Degree Type


Date of Award


Degree Name

Master of Science


Electrical and Computer Engineering


Computer Engineering; Human Computer Interaction

First Advisor

Eliot Winer


Maintenance operations and lifecycle engineering have largely been considered one of the most expensive and time-consuming components for industrial equipment. Numerous organizations continually devote large quantities of resources towards maintaining equipment. As such, any optimizations that would reduce maintenance errors and expenses could lead to substantial time and cost savings. Unfortunately, there are often not enough specialists to meet the demand, forcing localized technicians to perform on-site maintenance on equipment outside their area of expertise. Augmented reality (AR) is one technology that has already been shown to improve the maintenance process. While powerful, AR has its own set of challenges, from content authoring to spatial perception. This work details a system that puts both the power of AR and the knowledge of a specialist directly into the hands of an on-site technician.

An application was developed that enables a specialist to deliver AR instructions in real-time to assist a technician performing on-site maintenance. Using a novel and simplified authoring interface, specialists can create AR content in real-time, with little to no prior knowledge of augmented reality or the system itself. There has been ample research on different AR-supported processes, such as real-time authoring, video monitoring, and off-site assistance. However, much less work has been done to integrate them and leverage existing personnel knowledge to both author and deliver real-time AR instructions. This work details the development and implementation of such a system. A technical evaluation was also performed to ensure real-time connectivity in geographically distributed environments. Three network configurations were evaluated. A high-latency high-bandwidth network was used to represent a typical modern maintenance facility. A low-bandwidth network was evaluated to mimic older or more isolated maintenance environments. Lastly, a 4G LTE network was tested, showing the potential for the system to be used across global locations. Under all network configurations, the system effectively facilitated the complete disassembly of a hydraulic pump assembly.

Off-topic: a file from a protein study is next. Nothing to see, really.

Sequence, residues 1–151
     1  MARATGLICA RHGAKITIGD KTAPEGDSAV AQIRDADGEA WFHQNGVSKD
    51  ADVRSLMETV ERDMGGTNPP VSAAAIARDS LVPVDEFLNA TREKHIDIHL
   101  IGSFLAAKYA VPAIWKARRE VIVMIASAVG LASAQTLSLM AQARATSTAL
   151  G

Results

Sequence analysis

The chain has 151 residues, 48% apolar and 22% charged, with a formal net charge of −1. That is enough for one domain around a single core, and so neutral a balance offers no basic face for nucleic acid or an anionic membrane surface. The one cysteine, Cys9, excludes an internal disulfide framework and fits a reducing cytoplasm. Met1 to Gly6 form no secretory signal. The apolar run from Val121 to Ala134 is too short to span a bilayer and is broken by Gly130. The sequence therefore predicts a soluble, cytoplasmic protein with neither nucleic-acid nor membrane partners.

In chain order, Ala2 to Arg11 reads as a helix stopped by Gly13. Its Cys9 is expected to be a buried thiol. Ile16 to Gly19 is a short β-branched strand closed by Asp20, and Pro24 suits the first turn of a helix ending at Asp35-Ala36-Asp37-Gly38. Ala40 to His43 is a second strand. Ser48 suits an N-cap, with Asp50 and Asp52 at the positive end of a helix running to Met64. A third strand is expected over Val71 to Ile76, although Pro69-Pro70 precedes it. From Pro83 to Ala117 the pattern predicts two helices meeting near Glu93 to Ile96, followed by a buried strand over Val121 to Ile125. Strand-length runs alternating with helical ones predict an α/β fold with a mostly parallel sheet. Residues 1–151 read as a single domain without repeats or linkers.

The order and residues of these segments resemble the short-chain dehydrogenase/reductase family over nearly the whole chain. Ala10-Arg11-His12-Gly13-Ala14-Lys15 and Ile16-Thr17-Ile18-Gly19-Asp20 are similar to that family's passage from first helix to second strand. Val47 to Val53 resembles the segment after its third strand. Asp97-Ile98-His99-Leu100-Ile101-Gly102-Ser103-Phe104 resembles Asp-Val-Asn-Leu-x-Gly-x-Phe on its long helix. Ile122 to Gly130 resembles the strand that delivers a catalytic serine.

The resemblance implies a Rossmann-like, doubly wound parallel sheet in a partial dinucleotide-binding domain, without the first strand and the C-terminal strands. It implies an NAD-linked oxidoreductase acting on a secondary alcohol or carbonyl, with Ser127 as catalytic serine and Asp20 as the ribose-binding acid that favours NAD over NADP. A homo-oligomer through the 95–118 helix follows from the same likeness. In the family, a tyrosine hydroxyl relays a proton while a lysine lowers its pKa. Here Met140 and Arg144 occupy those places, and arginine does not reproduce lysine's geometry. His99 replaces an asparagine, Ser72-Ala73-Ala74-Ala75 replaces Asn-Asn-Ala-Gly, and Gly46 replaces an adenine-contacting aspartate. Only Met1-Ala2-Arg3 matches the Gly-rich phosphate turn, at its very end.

Copyright Owner

Jonathan A Schlueter



File Format


File Size

71 pages